Steve Dispensa tells a funny story at Kernel Mustard:
My Apple mail client has a built-in
spam filter. I’m not sure how it works, but it does have to be trained. Anyway, that’s all I know about it.
It turns out that of all of the copious communications I receive from
Microsoft, the ONLY thing that the spam filter catches – EVERY TIME – is the Microsoft Mactopia (Mac Business Unit) newsletter. I mark it as “not junk” every time. It refuses to learn.
(For what it’s worth,
Mail.appis largely a piece of crap, with tons of un-Apple-like bugs. Don’t get me started.)
Three ways to reduce false positives:
- Keep your
Address Bookup to date. You can set the Junk Filterto let through messages from people whose email addresses are in your Address Book (Preferences > Junk Mail > Sender of mail is on my Address Book), but it only works well if all the addresses you value are in it. (Could this be Steve’s problem?)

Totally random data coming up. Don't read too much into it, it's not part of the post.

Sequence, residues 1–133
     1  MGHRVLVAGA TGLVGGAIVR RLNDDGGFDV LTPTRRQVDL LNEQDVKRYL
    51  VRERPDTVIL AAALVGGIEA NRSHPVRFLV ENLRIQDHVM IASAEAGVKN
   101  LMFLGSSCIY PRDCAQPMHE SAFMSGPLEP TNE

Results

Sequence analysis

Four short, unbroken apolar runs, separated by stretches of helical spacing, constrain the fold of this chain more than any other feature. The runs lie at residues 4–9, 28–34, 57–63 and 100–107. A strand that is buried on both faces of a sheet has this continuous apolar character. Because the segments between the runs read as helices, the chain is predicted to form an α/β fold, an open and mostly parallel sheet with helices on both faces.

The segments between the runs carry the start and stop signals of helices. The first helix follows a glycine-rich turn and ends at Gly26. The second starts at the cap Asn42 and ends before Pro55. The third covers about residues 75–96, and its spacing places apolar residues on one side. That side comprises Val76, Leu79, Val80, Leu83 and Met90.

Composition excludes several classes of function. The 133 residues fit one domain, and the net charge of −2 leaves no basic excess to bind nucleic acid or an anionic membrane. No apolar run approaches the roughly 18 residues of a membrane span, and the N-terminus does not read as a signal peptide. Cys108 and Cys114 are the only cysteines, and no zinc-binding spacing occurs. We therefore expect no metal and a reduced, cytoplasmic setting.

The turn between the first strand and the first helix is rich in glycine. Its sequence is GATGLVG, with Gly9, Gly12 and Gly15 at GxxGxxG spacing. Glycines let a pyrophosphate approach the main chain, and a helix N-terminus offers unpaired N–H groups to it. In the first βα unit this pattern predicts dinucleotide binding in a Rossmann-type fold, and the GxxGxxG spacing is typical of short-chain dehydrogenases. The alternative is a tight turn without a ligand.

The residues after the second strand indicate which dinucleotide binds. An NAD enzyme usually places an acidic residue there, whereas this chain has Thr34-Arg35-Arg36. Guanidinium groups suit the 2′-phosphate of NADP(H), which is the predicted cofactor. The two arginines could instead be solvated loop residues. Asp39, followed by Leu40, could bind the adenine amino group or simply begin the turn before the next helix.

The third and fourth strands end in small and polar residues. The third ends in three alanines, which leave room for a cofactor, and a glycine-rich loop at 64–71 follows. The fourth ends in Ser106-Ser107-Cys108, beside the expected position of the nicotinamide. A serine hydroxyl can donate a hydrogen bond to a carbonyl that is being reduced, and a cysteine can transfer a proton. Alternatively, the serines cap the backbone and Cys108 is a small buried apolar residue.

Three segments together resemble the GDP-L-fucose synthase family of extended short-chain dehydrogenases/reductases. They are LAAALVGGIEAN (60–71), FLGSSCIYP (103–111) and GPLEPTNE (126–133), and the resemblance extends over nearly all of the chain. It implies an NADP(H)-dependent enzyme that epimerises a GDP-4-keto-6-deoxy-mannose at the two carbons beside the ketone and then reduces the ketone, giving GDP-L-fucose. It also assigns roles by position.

- Make sure that you always correct the Junk Filter if it incorrectly marks a message as Junk Mail by clicking the “Not Junk” in the Toolbar or hitting Command-Shift-J. This ongoing learning stops Junk Filter making the same mistake more than once.
- If nothing else works, create a rule for email that Junk Filter keeps wrongly marking as spam. Add the “Stop evaluating rules” action to the rule and Junk Filter will ignore the email.
These excellent tips are taken (shamelessly) from Joe Kissell’s “Take Control of Spam with Apple Mail” ebook. Buy it .
- How Apple Mail’s Junk Filter works
- Mail.app and SpamAssassin in spam-catching harmony
- Image spam: Spam gets more canny
- How Bayesian spam filtering works
- Mail.app’s Junk Filter is not like the others
Tags: Address Book, False positives, junk filter, mail.app, microsoft, Spam Filter